“No more than anyone else.”
“Well…” Penny bit her lip. “But like I said—she’s got that whole ‘practice what you preach’ thing to follow. And then there’s the issue of a moral clause—though I’m not sure if that’s actually written anywhere in the bylaws, but she certainly seems to think so.”
Hank looked defeated. “Yup. She said it was the only way. She’ll have to talk to them, discuss the situation.” His lip curled. “I don’t mind her talking to the congregation about her personal life—”
“That’s a relief,” Penny felt obligated to say. “From what I hear, she does it constantly. You’d better get used to it now—”
“But there’s a line. She acts like she’s not free to have one without their say-so.”
“Especially her dating life.”
Penny was starting to get the picture. “Unless, of course, she got married. Is that it? Then she’d be off the hook to live her private life, um, privately?”
Hank’s face flushed.
“So that’s why.”
“The sudden rush toward the altar.”
Hank shrugged. “I would have asked her anyway.”
“Just not quite this soon had it not been for all that.”
“I guess,” Hank mumbled.
“She’s distancing herself from me. I can feel it.” Hank ran a rough hand through his hair. “Okay, so I don’t think we should have to grovel at anyone’s feet just to hold hands, but it doesn’t mean I don’t understand the responsibility she welds to the community…”
“And all the fringe conditions that go along with it,” Penny muttered.
“Exactly!” Hank insisted vehemently. “I just think there should be a limit.”
“But no matter what I say, she seems convinced that I’ll eventually leave her. That I’ll grow tired of it all.”
Penny nodded. “Bracing for the inevitable.”
“I can’t get through to her.”
“Yeah. I guess.”
“Will you? Get tired of it?”
Hank laughed. “Probably. But I’ll never leave her.”
“Fair enough.” Penny took a deep breath. “Still. That doesn’t sound like the best reason to get married—”
Hank looked affronted. “I’m doing it to save us!”
“Yeah. I know.” Penny looked sad. “But that’s just it. Marriage shouldn’t be used to save a relationship much like children shouldn’t be used to save a marriage.”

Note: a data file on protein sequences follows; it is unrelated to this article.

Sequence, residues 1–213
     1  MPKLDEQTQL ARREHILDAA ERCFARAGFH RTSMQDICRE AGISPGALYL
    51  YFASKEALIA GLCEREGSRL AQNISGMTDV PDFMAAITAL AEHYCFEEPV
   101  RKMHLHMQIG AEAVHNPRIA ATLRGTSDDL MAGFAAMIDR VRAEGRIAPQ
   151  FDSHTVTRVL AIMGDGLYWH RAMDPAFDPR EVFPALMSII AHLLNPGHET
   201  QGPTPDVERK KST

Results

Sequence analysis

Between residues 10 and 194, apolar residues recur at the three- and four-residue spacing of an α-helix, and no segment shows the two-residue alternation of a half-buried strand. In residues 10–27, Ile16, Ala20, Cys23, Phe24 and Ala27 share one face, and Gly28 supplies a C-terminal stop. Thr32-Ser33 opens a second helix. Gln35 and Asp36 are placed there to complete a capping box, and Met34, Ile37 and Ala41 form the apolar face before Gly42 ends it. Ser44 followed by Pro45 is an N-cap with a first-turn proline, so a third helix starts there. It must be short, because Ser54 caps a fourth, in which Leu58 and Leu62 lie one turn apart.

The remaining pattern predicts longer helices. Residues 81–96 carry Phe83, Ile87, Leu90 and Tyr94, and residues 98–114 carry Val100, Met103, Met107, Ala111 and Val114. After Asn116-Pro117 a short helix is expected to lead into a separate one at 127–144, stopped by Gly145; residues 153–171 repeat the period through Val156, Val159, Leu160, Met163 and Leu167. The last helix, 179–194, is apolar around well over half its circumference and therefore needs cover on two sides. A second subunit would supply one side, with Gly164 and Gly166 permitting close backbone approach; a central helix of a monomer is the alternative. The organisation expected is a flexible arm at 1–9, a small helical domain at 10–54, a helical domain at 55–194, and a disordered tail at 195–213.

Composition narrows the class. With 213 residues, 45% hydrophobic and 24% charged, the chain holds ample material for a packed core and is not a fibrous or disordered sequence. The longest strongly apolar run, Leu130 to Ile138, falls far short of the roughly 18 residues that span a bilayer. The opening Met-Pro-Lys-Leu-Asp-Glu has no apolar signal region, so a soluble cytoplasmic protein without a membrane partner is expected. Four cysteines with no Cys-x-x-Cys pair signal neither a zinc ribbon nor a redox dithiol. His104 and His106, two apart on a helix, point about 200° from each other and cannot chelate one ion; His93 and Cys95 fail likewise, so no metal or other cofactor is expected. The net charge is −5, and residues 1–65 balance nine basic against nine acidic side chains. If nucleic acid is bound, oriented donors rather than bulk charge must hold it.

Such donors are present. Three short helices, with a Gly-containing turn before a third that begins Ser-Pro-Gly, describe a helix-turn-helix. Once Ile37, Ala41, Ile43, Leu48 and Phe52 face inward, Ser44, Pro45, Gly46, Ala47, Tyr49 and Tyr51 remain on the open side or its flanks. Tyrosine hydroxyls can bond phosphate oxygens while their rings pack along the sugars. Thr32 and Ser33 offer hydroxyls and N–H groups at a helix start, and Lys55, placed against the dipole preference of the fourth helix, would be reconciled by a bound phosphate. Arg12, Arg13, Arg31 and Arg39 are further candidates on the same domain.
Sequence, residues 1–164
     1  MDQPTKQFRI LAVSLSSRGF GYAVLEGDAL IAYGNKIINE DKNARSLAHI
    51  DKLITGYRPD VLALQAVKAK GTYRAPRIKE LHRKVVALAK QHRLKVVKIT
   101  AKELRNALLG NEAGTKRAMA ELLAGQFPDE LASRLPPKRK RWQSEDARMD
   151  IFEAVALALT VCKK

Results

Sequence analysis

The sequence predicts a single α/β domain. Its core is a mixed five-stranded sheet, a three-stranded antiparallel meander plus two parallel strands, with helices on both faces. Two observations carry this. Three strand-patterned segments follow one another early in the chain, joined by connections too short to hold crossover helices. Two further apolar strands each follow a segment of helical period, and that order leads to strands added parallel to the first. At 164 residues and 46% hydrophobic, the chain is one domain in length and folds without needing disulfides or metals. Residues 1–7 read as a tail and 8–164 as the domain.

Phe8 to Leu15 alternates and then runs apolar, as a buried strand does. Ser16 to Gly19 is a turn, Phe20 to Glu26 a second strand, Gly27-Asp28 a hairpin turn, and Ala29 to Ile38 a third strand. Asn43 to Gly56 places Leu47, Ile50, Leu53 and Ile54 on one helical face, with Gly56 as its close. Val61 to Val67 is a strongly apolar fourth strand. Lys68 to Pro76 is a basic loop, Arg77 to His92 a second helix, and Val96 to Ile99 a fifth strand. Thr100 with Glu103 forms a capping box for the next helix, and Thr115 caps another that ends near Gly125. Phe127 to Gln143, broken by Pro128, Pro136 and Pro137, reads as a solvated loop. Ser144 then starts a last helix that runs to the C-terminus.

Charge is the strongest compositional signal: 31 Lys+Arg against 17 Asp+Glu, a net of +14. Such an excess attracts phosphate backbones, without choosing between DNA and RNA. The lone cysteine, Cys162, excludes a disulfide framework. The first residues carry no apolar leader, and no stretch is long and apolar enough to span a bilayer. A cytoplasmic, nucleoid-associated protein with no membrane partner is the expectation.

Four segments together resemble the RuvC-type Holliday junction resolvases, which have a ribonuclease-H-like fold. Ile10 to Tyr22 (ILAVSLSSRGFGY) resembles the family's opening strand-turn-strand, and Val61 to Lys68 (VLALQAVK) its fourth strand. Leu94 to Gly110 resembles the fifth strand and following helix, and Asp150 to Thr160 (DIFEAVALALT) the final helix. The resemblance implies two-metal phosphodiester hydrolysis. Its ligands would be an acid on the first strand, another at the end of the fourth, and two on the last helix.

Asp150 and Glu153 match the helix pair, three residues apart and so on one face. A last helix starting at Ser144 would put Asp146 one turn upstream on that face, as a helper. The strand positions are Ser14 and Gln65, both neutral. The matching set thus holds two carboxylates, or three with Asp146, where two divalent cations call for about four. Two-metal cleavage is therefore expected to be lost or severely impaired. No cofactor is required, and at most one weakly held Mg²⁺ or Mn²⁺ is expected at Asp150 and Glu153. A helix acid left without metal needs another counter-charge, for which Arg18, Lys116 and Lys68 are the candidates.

“You’re twisting it.”
“I love her. I want to spend the rest of my life with her.”
Penny smiled. “Yeah?”
“Yeah and—and if I don’t do something quick I won’t be able to. She’ll push me right out the door.”
Penny considered this.
Hank rubbed a hand down his face. “This isn’t going the way I planned.”
“Conversations with me rarely go the way anyone planned.”
Hank looked up at Penny. “It wouldn’t be—I want you to understand I wouldn’t be marrying her because of the church.”
“I didn’t think that was the case, but that’s good to kn—”
Hank continued doggedly. “I mean, I’m not doing it for the…ah,” he coughed. “For the ah, um…”
Hank blushed. “That either.”
Penny patted him softly on the shoulder. “Yeah. I know.”
“So what do I do?”
“Talk to her,” Penny said. “Tell her what you told me just now. I promise you, she’ll stop running. And if she doesn’t, I’ll duck-tape her to a chair long enough to at least hear you out. You were willing to marry her just to keep dating her. That says something.”
Hank laughed begrudgingly. “Yeah. Probably that I’m a fool.”
“A fool who’s in love.”
“She’s lucky to have someone who cares so much.”
Hank looked acutely uncomfortable. “She’s a good woman.”
“One of the best.” Penny fixed him with her gaze. “You really want to marry her?”
“That’s all I really need to know then, isn’t it?”
Hank smiled tightly. Then, with a hesitant movement, he gained his feet. “Well. I best be going. But, um, thanks,” he mumbled, his arms gesturing emptily: “for the…well, for whatever this was. I’ll talk to her.”
“I’m glad I could help,” Penny said, smiling after him as he made it toward the door. Perhaps he wasn’t so bad after all.
“Oh, and Hank,” she called out as his hand reached toward the curtain. He glanced back at her. “About my blessing…”
“Ask me for it again in a few months,” Penny told him quietly. “I’m pretty sure you’ll like my response.”
Hank smiled. “I’ll hold you to it.”
Leaning back against her chair, once Hank had finally left, Penny felt a smile inking out across her lips. Maybe it wasn’t so bad, that everybody just kept showing up here.
Hank wanted to marry Maggie.
Because Penny had believed him when he said that he loved her, that he wanted to spend his life with her—that it wasn’t for the church that he’d come asking (if perhaps her position within its walls had been the reason he’d come asking now.)
Hank wanted to be with Maggie. That’s what was most important. Wedding or not, he wanted her.
Feeling oddly emotionally in the wake of her conversation with Hank, Penny almost reached for her phone to call Kate. Only Kate was on the way to Coventon with Janessa. Wincing a little, Penny wondered how the trip was going. According to her calculations, the girl’s should be arriving in town any time now.